Yuja Wang aclara los rumores ante su incidente en el aeropuerto de Vancouver
Con un extenso mensaje en sus redes sociales, la pianista china Yuja Wang aclaraba rumores y malentendidos a resultas de su aparición el pasado viernes en el Chang Centre for the Performing Arts de Vancouver, ataviada con unas gafas de sol. Al parecer, la solista no tuvo otra alternativa si quería seguir adelante con la actuación, pues tenía los ojos llororos e hinchados tras haber vivido un desagradable incidente en el aeropuerto de la capital canadiense. Yuja Wang fue retenida por las autoridades aduaneras durante hora y media, sometida a un intenso interrogatorio "humillante y perturbador" (sic). Ante el poco tiempo disponible para desplazarse hasta el auditorio donde iba a tener lugar su actuación, fuertemente afectada por el shock del incidente, y ante la alternativa de cancelar su concierto, la pianista china decidió actuar con unas gafas de sol para ocultar su estado de ánimo y en ningún caso por mor de un capricho o con la intención de distanciarse del público congregado allí para escucharla, como habían dado a entender algunos espectadores con sus comentarios en redes sociales.
Este es el comunicado completo de la pianista:
It is difficult for me to share this with all of you, but given the circumstances, and harmful speculation and criticism being shared online and elsewhere, I feel it important that the following is made public.
On arrival at Vancouver International Airport on Friday, I was detained for over an hour and subjected to intense questioning which I found humiliating and deeply upsetting. I was then released, giving me very little time to travel to the Chan Centre for the Performing Arts. I was left extremely shaken by this experience.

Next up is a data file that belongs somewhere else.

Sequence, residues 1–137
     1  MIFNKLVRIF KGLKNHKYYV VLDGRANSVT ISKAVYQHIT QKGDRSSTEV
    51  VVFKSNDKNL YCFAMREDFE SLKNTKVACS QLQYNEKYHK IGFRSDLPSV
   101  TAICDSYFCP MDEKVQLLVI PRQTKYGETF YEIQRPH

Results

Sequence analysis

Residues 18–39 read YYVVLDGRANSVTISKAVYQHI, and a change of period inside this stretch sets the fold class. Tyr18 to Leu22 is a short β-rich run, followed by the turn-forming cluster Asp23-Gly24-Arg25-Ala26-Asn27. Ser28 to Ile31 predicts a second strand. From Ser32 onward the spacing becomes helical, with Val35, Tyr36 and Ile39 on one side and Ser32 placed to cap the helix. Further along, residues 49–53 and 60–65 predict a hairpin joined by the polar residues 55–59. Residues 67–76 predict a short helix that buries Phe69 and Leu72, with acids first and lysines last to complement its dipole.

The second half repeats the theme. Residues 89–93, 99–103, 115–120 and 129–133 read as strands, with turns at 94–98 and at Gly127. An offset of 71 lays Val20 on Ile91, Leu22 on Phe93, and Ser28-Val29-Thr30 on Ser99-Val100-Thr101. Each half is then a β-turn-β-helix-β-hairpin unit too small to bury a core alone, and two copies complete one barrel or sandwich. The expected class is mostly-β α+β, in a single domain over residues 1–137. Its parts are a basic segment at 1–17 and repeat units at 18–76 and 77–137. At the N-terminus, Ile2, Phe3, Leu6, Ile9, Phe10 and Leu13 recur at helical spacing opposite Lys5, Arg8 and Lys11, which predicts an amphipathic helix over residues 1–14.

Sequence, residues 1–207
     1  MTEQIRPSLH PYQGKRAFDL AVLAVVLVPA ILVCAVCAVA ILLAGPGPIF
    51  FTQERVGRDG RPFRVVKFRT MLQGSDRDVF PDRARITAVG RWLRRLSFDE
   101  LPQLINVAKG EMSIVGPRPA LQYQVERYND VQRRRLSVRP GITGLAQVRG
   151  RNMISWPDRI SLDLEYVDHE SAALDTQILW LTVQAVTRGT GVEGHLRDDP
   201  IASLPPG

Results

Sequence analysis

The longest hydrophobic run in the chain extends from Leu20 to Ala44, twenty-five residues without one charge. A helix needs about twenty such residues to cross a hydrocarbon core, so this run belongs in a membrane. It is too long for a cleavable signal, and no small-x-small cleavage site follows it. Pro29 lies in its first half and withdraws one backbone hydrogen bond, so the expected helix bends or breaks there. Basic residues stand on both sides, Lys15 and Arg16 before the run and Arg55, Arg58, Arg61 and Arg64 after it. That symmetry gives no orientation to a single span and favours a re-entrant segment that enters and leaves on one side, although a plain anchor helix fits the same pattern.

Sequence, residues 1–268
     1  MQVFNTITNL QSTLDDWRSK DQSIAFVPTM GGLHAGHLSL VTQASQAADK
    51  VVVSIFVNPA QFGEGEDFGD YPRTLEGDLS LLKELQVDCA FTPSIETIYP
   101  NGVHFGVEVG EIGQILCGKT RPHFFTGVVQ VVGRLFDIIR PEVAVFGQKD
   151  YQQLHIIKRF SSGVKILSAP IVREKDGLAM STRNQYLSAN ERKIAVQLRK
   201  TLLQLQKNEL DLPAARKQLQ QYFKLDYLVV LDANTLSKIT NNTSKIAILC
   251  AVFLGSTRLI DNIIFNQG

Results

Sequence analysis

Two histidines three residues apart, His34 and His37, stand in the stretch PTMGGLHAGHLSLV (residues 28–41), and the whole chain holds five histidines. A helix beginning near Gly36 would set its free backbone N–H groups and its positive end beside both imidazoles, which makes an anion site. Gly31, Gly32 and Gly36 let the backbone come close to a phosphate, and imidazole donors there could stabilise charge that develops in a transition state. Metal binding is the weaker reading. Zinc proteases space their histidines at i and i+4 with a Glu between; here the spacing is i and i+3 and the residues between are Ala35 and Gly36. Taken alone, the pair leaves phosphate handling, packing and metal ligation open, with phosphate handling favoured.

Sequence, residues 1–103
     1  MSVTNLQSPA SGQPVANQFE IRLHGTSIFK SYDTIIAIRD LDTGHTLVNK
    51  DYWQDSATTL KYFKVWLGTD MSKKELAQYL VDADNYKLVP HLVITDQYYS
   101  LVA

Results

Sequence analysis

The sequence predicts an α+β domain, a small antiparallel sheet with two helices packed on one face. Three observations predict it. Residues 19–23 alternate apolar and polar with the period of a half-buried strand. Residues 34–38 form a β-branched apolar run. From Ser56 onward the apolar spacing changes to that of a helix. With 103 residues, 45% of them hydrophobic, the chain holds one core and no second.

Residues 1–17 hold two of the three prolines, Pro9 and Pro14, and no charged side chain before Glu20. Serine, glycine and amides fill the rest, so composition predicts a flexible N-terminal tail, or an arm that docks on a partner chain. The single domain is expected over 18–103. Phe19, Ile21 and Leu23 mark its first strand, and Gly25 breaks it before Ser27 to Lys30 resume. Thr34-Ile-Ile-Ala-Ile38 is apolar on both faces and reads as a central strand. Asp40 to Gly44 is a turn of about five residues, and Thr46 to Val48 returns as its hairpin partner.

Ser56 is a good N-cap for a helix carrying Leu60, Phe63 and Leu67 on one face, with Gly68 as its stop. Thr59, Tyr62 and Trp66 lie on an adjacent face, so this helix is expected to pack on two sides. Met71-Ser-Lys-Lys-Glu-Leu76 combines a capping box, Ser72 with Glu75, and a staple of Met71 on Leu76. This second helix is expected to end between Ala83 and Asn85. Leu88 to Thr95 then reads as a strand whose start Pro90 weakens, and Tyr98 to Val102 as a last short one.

When I was dropped off at the venue for my recital that evening, my eyes were still visibly red and swollen from crying. I was in shock. Although I was traumatized by what happened, I was determined not to cancel the recital, but to go ahead with the performance and not to let the audience down, which included my dear teacher Gary Graffman. I decided that wearing sunglasses was the only way to prevent my distress from being seen, since I wasn’t yet prepared to make a statement about what happened.
My main concern in that moment was to give the best performance I possibly could, and not to allow the audience to be distracted by my swollen eyes or visibly shaken demeanor. It would never be my intention to snub or disengage with an audience. Everything I do on stage is about connecting with people. My audiences and fans sustain and nourish me as an artist.
I am deeply grateful to Leila Getz and her team in Vancouver, and to the audience there with me in the hall for their support throughout the day and evening.
My recital tour will continue, and I look forward to bringing my program to the audience in San Francisco tonight, and on to New York.
Thank you to everyone who has sent or shared words of support during this difficult time. I know that I am unfortunately not the only person to have had this kind of traumatic experience, which has shaken me to my core. My heart goes out to anyone else who has, and my hope is that by sharing what happened to me, there can be a much needed conversation and change in protocol to ensure this doesn’t happen to anyone else.